Would you buy a $1,000 iPhone?
Sure, it’s not like iOS devices are super-cheap as it is (the iPhone 7 Plus starts at $769), but there’s something about that quadruple-digit threshold that seems momentous. It’s outsized and conspicuous, like it would fit perfectly into the millennium-era hip-hop trope of drinking Cristal in the back of a Hummer limo while sporting lots and lots of bling.
According to various reports, Apple's next major iPhone refresh, due Sept. 2017 for the gadget’s 10th anniversary, would include a top-of-the-line model that costs more than $1,000 for the 256 GB storage level, thanks to a higher cost of components. These include a 5.8-inch OLED screen, which is nearly 5.5% larger than the screen size of the 7 Plus, new touch buttons that replace physical ones, a faster processor, yadda yadda yadda. It will be called the iPhone X, reports Fast Company.
But more than anything, the thing that grabbed me about this story is the fact that the iPhone is celebrating its 10th anniversary. Only 10 years since our world irrevocably, magnificently shifted.
Before the iPhone we had flip-phones and the Motorola RAZR. We had an obsession with thin lines and candy bars. We had truly hideous mobile web “experiences”—it was an experience, all right—and of course, we had Blackberry, with its annoying physical keyboard. It was the reigning king of the enterprise. Mobile “cells” were part of the fabric of life, but were still mostly about voice and texting. And even the texting was not as much a thing back then—there were no emojiis, after all to liven things up.
2007 today sounds a bit bleak, even: No mobile video, no apps for everything, no MMS, no decent games. The “smartphones” of the day were troglodytes compared to today’s mini-computers that everyone has in their pockets and use for pretty much everything.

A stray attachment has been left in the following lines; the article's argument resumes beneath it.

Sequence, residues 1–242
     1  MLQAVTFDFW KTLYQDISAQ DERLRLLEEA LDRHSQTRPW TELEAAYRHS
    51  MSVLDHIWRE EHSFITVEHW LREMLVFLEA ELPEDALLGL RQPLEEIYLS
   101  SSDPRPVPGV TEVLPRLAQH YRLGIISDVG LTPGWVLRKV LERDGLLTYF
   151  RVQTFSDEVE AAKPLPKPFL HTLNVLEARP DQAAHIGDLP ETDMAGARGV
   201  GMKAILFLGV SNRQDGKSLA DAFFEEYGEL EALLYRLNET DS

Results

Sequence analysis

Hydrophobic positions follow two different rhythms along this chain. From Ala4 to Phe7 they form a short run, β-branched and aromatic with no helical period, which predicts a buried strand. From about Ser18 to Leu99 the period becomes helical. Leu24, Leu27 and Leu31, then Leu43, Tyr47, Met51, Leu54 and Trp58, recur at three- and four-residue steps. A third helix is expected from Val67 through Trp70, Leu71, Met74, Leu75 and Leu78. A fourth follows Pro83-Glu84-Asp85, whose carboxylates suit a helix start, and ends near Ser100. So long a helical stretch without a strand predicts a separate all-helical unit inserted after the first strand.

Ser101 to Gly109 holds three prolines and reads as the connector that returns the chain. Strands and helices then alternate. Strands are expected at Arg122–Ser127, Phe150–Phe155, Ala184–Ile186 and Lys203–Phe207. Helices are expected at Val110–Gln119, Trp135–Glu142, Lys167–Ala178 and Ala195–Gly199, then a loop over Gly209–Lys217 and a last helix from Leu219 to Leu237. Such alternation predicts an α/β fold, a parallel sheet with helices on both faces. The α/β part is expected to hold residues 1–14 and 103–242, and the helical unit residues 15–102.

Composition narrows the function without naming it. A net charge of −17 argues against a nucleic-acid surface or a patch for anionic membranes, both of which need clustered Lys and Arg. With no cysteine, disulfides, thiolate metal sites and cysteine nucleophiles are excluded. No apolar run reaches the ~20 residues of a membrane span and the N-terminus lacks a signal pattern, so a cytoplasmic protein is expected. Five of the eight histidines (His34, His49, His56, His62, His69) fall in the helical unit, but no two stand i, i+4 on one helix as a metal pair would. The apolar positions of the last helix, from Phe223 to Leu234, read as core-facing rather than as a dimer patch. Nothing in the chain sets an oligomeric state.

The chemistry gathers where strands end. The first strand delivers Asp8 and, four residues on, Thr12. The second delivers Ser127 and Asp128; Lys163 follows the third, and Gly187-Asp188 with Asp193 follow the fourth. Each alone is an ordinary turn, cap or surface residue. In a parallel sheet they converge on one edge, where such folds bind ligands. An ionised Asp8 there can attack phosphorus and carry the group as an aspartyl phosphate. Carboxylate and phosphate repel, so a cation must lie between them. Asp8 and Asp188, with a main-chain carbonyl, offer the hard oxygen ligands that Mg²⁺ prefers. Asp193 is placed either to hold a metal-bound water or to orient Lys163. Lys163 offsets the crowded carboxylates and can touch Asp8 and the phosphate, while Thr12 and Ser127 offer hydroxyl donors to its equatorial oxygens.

You know what else was missing? Mobile malware.
I would argue that Steve Jobs, when he introed the iPhone in January 2007, released a cyber-horror genie that, while eventually deciding to make Android its main squeeze, proceeded to fall in love with smartphones in general, with its interest growing apace with the mobile landscape itself.
Every beautiful thing needs a foil, perhaps. Can the beauty of something fully be understood without something ugly to show us the contrast? Maybe without malware, living in the mobile-everything world would be too easy—and far too taken for granted. We would become fat and lazy, unaccustomed to adversity, downloading apps from sketchy sources willy-nilly and clicking on any number of ads and dubious links. Complacent, the mobile-going public would become a bigger target than anyone ever dreamed of—unsuspecting and ripe for system-wide computing Armageddon.
No, maybe it’s best that malware has grown up with the smartphone. Keeps us honest and aware that anyone can pick up a bug if they’re not careful—even if you have a $1,000 phone in your pocket.